Farah Ng
Walter Mosely is is highly praised for a number of things: 1) for being a bad-ass black writer, 2) for writing about horrific crimes and 3) for being one of the best American writers of all time.

I can confirm that all three of these praises are true! Known to Darkness features a black detective named Leonid McGill who straddles the line of legality dangerously. Involved with the deepest, darkest (I’m not referring to skin colour) criminals, Leonid also has friends in the police and enemies every
When last we talked about Leonid McGill, I worried that he and his world were too similar to those of the Easy Rawlins mysteries set on the opposite coast and 50 or 60 years prior. I had none of those concerns here. LT's his own man and, in Known to Evil, Mosley seems to forgo the familiar rhythms of his most famous character completely, learning a new way to play these songs.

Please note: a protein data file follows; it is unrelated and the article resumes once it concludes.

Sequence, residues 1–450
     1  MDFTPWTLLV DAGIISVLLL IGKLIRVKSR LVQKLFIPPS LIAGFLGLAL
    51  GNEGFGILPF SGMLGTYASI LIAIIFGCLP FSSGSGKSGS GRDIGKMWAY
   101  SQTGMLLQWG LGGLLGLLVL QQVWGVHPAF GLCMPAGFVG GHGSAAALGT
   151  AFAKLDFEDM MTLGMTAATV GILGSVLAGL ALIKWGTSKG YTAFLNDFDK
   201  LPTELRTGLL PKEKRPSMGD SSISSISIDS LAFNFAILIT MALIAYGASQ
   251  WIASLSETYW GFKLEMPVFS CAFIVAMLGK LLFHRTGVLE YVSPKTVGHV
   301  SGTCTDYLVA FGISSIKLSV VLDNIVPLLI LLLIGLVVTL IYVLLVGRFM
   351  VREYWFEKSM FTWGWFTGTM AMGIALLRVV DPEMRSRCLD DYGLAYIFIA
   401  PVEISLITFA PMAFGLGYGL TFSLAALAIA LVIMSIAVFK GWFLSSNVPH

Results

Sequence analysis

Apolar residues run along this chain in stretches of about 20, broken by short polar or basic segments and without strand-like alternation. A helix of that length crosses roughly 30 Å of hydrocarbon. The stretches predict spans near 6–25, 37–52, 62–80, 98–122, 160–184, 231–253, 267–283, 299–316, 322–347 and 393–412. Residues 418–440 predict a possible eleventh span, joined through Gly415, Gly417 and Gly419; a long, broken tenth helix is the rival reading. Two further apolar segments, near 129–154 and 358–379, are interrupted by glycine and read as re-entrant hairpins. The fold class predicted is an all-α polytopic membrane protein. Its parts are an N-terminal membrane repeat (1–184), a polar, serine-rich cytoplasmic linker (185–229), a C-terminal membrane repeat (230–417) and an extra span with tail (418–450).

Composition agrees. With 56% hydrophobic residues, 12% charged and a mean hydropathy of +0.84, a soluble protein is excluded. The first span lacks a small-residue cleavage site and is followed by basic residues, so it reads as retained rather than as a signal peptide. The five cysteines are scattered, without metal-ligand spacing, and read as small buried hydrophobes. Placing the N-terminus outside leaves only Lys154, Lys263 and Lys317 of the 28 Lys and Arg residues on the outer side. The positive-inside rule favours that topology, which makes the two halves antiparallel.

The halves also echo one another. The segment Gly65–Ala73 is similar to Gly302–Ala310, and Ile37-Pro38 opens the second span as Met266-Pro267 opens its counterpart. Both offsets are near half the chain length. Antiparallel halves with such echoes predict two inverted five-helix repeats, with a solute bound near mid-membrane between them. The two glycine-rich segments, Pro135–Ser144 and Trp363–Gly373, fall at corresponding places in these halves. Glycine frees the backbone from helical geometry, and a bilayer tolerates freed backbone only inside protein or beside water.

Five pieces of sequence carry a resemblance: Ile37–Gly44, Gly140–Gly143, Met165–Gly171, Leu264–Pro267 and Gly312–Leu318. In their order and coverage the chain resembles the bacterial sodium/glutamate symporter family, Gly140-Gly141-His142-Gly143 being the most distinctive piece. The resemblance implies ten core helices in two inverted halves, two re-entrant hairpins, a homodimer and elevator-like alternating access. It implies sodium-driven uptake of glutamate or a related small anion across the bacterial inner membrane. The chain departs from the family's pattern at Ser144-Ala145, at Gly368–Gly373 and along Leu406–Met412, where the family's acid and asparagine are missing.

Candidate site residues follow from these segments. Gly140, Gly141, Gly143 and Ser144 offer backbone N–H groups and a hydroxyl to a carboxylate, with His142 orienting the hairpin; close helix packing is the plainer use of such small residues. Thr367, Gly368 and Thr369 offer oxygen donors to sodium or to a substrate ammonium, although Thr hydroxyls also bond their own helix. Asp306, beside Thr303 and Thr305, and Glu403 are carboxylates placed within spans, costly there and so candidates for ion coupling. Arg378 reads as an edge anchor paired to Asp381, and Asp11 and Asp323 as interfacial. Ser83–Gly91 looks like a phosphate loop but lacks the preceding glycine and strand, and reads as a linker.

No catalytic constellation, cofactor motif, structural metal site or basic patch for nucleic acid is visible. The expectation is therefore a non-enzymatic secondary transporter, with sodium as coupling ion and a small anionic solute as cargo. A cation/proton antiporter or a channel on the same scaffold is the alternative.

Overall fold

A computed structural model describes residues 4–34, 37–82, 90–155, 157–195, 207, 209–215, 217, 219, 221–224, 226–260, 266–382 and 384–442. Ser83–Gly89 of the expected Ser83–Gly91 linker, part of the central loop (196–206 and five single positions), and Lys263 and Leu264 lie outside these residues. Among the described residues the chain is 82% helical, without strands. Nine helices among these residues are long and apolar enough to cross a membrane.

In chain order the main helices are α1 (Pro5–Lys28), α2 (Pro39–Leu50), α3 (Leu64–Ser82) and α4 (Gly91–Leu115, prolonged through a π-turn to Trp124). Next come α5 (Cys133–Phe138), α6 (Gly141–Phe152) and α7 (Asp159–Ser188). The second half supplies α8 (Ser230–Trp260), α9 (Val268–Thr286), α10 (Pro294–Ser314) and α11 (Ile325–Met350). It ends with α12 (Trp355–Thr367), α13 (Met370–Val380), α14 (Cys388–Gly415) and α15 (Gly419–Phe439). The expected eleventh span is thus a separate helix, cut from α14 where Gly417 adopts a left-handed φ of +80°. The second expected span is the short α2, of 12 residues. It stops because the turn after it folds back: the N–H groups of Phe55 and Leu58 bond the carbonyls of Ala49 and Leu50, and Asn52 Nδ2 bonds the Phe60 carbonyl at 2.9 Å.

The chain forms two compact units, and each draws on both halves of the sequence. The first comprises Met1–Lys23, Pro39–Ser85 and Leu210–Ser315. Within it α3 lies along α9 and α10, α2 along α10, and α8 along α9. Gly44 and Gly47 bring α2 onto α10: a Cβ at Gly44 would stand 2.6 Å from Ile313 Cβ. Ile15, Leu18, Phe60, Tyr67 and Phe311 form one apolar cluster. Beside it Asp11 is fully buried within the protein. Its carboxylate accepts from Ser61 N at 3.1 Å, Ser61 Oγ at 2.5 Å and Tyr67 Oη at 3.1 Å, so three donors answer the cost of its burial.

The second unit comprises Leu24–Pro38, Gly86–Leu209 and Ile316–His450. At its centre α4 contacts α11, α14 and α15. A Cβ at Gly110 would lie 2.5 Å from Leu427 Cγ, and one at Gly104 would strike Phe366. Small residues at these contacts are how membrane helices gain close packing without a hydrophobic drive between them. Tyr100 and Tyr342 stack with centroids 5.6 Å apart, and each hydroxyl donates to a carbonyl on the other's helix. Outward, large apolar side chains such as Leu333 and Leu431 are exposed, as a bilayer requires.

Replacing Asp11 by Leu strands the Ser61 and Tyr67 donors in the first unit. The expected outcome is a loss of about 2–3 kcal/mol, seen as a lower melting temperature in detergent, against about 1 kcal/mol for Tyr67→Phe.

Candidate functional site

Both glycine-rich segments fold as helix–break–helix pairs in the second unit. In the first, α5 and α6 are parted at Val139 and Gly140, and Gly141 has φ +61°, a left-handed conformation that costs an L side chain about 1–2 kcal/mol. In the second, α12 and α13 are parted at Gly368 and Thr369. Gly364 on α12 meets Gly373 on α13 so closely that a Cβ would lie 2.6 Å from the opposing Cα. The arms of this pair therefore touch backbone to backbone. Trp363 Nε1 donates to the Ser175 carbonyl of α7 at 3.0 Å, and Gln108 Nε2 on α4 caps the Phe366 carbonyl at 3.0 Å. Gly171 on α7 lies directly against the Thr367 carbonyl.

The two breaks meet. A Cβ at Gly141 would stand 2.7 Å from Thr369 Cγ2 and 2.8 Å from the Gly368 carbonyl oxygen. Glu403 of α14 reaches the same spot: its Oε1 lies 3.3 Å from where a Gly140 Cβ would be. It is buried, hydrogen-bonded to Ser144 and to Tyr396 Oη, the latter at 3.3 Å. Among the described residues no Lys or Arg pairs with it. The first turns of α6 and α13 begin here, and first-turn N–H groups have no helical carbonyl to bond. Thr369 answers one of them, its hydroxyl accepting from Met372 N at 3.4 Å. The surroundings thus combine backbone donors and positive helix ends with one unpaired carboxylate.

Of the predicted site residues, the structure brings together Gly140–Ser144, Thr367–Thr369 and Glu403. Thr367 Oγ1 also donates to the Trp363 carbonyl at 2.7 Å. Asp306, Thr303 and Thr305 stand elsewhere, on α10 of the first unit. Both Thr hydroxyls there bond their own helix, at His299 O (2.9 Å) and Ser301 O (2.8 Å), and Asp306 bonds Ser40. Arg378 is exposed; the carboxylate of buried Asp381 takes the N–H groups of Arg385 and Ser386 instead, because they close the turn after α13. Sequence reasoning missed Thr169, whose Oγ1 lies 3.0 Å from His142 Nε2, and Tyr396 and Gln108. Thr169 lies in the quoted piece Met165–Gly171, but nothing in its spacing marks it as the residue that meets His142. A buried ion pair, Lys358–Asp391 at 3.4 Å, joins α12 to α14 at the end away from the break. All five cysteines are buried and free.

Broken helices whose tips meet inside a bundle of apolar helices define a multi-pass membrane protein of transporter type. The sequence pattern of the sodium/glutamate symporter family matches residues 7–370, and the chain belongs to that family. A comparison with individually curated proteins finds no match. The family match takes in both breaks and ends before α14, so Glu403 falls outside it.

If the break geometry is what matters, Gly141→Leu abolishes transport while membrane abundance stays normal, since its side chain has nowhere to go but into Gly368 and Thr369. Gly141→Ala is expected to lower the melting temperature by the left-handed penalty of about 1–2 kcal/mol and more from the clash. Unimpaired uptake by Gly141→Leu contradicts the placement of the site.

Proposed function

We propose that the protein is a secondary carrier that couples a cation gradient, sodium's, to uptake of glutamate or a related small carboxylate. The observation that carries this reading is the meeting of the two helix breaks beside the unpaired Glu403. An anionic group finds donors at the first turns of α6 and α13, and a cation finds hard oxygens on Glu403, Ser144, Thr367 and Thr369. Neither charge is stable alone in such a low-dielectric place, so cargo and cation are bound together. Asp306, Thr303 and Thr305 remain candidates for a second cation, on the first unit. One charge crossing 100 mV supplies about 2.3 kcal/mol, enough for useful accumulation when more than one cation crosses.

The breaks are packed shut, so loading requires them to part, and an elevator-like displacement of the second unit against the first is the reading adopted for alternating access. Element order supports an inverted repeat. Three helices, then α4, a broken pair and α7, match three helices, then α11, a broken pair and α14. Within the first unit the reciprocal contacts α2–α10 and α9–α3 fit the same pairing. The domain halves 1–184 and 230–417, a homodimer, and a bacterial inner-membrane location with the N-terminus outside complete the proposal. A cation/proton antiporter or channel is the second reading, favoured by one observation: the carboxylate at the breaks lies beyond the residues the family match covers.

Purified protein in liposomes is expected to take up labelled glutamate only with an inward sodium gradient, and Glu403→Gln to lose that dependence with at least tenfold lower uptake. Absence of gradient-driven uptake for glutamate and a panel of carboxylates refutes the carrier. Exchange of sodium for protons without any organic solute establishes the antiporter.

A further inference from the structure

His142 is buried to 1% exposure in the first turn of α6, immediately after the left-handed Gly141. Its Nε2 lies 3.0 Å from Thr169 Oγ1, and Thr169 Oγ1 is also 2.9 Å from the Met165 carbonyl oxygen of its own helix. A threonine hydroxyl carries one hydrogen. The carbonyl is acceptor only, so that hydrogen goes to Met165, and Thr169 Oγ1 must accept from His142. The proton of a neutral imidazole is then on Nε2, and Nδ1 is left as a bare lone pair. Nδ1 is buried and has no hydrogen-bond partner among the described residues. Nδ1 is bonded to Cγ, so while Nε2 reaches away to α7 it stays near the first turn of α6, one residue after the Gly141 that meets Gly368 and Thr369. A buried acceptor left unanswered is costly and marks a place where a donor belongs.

I won't repeat what I said in my review of the first novel. What strikes me about Leonid in this tale is that, despite hi
SERIES: #2 of 2

Walter Mosley has had a long and illustrious career as a crime fiction writer. Best known for the Easy Rawlins series which followed the protagonist from the 1940s to the late 60s, Mosley concluded that series after eleven books. He flirted with a few other series (e.g., Paris Minton, Socrates Fortlaw) but now seems to be dedicating his time to a character introduced in 2009, Leonid McGill. McGill is a somewhat timeworn PI.